202 FW 6
April 12, 2010
Series: Administrative Procedure
Part 202: The Federal Register
Originating Office: Division of Policy and Directives Management
6.1 What is the purpose of this chapter? This chapter expands on the guidance provided in the Office of the Federal Register’s (OFR) Document Drafting Handbook about how to write a Federal Register (FR) notice and what it should include.
6.2 What are the different parts of a notice? A FR notice generally consists of several parts, including the billing code, headings, text, and signature block.
A. Billing code. FR billing codes are unique to each Federal agency. These codes tell the Government Printing Office (GPO) which agency to charge for printing services in the FR. When you submit a document to OFR, put 4310-55 at the top of your document, as shown in Figure 6–1.
B. Headings. OFR specifies the headings that we must use in FR documents. Our FR document headings must include the separate lines shown in Figure 6-1, and they must be in this order.
Figure 6-1 Headings
(1) Notice tracking number: Get a tracking number from the Division of Policy and Directives Management (PDM). The notice tracking number is made up of a series of letters and numbers with hyphens in between. Put this number-and-letter combination in brackets (e.g., [FWS–R–IA–2009–N095]).
(2) Program accounting and ABC codes: Get these numbers from your program’s administrative officer. PDM uses these numbers to bill the programs for the cost of publishing their FR documents. Put these codes in brackets.
(3) Do not use any punctuation at the end of any of these headings.
C. Text. Following the headings, you explain the basis and purpose of the notice. OFR prefers that you use all of the same captions as those shown in Figure 6-2 in the order in which they appear. You may not alter these captions. The text following the captions must end in a period (see Figure 6–2).
Figure 6-2 Preamble Captions
(1) AGENCY: In this area, put the following: Fish and Wildlife Service, Interior.
(2) ACTION: This caption describes the type of document. Consult the Document Drafting Handbook for appropriate text. An example of an ACTION line is “Notice; request for comments.”
(3) SUMMARY: Keep this section brief. The summary should answer only the following questions: What action is being taken? Why is this action necessary? What is the intended effect of this action? The SUMMARY should not prove a point or provide detailed supporting information. That information belongs in SUPPLEMENTARY INFORMATION. Do not put references to the United States Code or the Code of Federal Regulations in the SUMMARY.
(4) DATES: Consult the Document Drafting Handbook for information.
(5) ADDRESSES: OFR prefers that this caption includes no more than four addresses. Keep this section as brief as possible. If you have more than four addresses, put them under SUPPLEMENTARY INFORMATION. Put detailed information about electronic filing of comments in SUPPLEMENTARY INFORMATION. Do not include any dates.
(6) FOR FURTHER INFORMATION CONTACT: A name and telephone number are all that is necessary.
(7) SUPPLEMENTARY INFORMATION: You should put all explanatory information in this section. Provide the legal authority for the notice. If appropriate, you should also include information on filing and reviewing public comments. All notices that request comments must use the language in Figure 6-3.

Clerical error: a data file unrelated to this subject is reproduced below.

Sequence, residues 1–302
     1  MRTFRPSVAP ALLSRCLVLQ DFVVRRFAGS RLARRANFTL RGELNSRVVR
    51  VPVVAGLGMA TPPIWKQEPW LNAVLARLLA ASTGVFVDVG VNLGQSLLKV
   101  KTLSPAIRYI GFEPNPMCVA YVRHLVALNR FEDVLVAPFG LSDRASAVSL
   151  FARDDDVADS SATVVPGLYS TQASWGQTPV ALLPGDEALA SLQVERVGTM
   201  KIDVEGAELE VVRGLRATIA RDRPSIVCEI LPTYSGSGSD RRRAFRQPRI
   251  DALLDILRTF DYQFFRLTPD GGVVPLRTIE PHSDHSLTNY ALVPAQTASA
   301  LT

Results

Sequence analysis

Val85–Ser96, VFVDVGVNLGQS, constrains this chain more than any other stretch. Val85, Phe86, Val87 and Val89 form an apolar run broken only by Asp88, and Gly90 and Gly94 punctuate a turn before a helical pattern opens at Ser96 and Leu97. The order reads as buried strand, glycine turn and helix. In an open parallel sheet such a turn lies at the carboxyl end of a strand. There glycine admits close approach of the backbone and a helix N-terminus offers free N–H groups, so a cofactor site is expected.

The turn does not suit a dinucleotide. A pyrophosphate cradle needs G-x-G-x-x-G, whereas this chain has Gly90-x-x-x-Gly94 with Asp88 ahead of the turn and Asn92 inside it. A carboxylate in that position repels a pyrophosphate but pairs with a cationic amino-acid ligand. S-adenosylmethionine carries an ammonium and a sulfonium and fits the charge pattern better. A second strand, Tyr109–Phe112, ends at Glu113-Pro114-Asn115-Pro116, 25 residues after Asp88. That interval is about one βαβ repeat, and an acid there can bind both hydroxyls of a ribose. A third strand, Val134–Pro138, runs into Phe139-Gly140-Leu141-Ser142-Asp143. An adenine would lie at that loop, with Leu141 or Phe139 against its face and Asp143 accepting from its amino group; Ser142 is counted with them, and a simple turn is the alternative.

Figure 6-3 Required Language for Public Availability of Comments
6.3. How does a notice document differ from a rulemaking document? Notices provide information of public interest. They do not contain regulatory text, do not have general applicability and usually do not have legal effect, and do not affect a previous rulemaking document (see 202 FW 1).
A. Publication. OFR publishes notices in the ”Notices“ section of the FR. They follow the same format for headings and have the same general requirements for the preamble as rulemaking documents. (The exception to this rule is notices announcing findings on petitions under the Endangered Species Act. These documents have a CFR citation heading and publish in the “Proposed Rules” section of the Federal Register.) Consult the Document Drafting Handbook for more information.
B. Purpose. You may use notices in the FR to announce a meeting or the availability of documents unless the announcement is related to a proposed rule. You should publish announcements related to proposed rules in the “Proposed Rules” section of the FR with the same RIN and subject heading as the proposed rule (e.g., the ACTION line would say, “ACTION: Proposed rule; meeting announcement.”).
6.4 What does the Office of the Federal Register require when I submit documents for publication? OFR requires that you:
A. Double-space the document and print it on plain white paper with the left margin at 1½ inches and all other margins at 1 inch.
B. Put page numbers in the bottom center, top center, or upper right corner of each page.
C. Prepare all text in accordance with the GPO Style Manual.
D. Print or type the name and title of the person who signed the document beneath the signature on the hardcopy document. Also, type the signer’s name in the electronic file. The OFR will not accept a document signed for someone else, nor will OFR accept a document that does not have the printed/typed name and title of the person who signed the document. Prepare the signature page of the document using the guidelines in 202 FW 3.5D. (For more information about who signs notices, see 202 FW 7.)
E. Submit three original signed copies or one original signed copy and two certified copies to OFR. See 202 FW 4 for information about certifying copies.
For information on the content of this chapter, contact the Division of Policy and Directives Management.